British Red Arrows Pilot Survives Bird Strike At 100 Feet, 400 MPH

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A British Royal Air Force demonstration pilot was both lucky and good during a Welsh airshow performance on Aug. 28. Red Arrows Squadron Leader Gregor Osten—aka Red 6—was making an opposition pass in his Hawk T1-A jet with his counterpart Red 7 at 400 MPH just 100 feet off the ground when he spotted a seagull at the last nanosecond in his peripheral vision.

He said, “I closed my eyes and ducked at that point because it was so close, and the bird hit the canopy, which unfortunately shattered. The bird and lots of the canopy then flew into the cockpit. The impact happened about two seconds before we actually crossed in the middle of the display.”

Osten credits the Red 7 pilot with quick action to avoid his aircraft, helping avert disaster. But that was just the start of the adventure. “My mask ripped from my face and was broken,” he said, “so to transmit on the radio I had to use my left hand to push the button to transmit, my right hand to hold the mask to my face. And that left me flying the aircraft with my knees, briefly.” All ended well, as Osten, in his fourth year flying for the Red Arrows, was able to maneuver for a safe landing at nearby Hawarden Airfield, where the Red Arrows were based for the show.

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Mark Phelps is a senior editor at AVweb. He is an instrument rated private pilot and former owner of a Grumman American AA1B and a V-tail Bonanza.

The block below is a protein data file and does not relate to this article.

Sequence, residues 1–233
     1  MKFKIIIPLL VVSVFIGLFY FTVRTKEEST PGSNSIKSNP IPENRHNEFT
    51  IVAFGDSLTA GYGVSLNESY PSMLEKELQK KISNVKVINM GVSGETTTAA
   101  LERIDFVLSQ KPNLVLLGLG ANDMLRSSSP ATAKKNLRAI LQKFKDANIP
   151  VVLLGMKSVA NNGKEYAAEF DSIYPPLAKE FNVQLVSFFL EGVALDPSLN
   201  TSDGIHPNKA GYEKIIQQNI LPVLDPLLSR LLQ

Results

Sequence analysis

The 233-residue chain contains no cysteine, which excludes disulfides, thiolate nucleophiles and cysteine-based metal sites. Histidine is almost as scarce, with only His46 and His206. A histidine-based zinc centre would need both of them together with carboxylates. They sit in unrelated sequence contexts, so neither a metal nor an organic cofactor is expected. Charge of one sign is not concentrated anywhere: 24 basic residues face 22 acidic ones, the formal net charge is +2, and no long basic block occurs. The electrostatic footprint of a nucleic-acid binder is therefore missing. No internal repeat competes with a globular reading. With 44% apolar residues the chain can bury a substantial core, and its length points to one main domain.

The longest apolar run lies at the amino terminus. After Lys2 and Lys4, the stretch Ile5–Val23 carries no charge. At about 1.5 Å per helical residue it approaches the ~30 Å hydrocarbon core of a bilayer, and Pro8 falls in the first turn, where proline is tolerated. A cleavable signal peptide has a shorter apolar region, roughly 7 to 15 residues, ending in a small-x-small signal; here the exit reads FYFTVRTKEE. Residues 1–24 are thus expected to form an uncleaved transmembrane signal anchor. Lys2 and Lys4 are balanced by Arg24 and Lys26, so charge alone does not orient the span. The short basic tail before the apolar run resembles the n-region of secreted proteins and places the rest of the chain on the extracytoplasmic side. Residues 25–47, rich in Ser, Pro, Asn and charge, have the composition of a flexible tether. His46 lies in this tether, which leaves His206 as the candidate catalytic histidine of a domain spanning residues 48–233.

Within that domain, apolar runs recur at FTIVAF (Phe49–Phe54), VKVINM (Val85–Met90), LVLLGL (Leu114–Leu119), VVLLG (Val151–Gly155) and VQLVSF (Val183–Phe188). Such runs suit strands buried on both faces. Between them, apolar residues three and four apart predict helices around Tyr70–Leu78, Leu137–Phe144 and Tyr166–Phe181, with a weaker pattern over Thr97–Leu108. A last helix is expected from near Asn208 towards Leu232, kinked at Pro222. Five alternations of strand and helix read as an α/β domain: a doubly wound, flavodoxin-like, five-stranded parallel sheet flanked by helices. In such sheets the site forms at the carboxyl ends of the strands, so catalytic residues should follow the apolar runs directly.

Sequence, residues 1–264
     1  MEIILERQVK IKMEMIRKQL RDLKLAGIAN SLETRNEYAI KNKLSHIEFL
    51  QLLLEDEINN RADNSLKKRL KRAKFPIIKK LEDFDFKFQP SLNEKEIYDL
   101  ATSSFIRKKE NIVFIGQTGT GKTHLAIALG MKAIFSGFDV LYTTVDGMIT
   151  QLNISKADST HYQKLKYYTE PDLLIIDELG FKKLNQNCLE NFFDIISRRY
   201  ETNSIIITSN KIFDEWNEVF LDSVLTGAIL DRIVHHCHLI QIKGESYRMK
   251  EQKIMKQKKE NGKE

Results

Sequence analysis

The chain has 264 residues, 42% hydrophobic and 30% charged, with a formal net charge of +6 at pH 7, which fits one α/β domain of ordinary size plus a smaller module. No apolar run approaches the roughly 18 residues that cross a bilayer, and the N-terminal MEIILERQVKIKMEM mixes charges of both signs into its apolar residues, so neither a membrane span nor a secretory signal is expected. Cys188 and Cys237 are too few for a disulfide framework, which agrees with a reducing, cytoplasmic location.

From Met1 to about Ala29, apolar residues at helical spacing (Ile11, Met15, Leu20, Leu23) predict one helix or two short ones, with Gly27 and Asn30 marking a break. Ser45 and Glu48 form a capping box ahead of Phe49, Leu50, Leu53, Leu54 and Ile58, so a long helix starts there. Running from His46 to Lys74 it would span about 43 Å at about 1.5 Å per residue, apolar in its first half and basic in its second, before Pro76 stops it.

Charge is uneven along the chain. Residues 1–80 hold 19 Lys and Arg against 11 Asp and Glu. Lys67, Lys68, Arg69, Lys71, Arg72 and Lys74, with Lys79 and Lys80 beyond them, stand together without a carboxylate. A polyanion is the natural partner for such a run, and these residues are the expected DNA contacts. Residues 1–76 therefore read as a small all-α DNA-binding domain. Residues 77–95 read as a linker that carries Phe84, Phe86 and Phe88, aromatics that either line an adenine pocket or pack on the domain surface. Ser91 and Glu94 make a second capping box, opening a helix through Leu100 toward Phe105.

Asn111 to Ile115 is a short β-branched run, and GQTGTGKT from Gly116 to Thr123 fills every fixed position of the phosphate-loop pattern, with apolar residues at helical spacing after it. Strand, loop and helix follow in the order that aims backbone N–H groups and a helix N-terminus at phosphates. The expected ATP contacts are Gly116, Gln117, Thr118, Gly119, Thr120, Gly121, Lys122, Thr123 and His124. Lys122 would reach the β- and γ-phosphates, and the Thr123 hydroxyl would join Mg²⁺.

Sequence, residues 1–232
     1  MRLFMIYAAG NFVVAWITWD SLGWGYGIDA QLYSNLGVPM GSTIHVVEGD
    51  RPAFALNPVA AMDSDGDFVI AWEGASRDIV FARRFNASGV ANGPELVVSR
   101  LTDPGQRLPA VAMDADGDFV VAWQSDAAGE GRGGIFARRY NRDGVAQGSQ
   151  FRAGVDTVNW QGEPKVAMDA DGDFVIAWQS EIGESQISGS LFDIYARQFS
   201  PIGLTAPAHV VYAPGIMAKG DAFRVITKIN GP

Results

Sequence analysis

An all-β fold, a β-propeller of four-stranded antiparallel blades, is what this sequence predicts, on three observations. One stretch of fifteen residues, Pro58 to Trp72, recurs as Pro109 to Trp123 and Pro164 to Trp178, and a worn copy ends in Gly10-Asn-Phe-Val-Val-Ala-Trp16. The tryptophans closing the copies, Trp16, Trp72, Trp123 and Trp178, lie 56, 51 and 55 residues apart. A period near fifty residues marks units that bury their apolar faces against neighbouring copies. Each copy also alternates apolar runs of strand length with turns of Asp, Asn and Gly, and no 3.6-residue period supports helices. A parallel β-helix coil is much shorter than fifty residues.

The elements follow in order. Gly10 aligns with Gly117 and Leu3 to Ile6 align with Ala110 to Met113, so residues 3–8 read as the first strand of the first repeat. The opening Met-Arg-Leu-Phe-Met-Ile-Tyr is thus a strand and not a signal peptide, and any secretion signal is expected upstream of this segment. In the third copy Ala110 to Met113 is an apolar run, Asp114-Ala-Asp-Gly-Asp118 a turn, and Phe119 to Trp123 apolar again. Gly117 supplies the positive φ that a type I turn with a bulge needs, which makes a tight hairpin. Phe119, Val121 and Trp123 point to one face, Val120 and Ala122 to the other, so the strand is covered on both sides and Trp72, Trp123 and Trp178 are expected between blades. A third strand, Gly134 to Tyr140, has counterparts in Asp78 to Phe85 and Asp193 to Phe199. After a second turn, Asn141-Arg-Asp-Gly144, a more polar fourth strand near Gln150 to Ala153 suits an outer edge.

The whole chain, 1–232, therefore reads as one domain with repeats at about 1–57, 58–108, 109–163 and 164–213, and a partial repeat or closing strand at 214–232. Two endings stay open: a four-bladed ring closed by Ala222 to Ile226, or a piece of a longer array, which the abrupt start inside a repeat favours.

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7 COMMENTS

  1. Wasn’t there, but if a bird came through the wind screen at 400 mph and 100 AGL talking on the radio would probably be the last thing on my mind …

    • I think if you are one of seven doing 400 mph in tight quarters announcing intentions would be key. These guys are beyond pro.

    • It wouldn’t be the Last Thing… but it’d be after the First Thing… FLY THE AEROPLANE.
      In my career I once shared a cockpit with a former Red Arrows support pilot and those guys are simply the BEST in the business.

  2. So if a bird can do this much harm by penetrating the cockpit glass of a warbird aircraft, what would a .50 caliber shell do the the jet? I am now a bit more tempted to go with an F18.

    • Since the Hawk T1 jet is a trainer, could it be the windshield is not “bulletproof” as on true combat aircraft?

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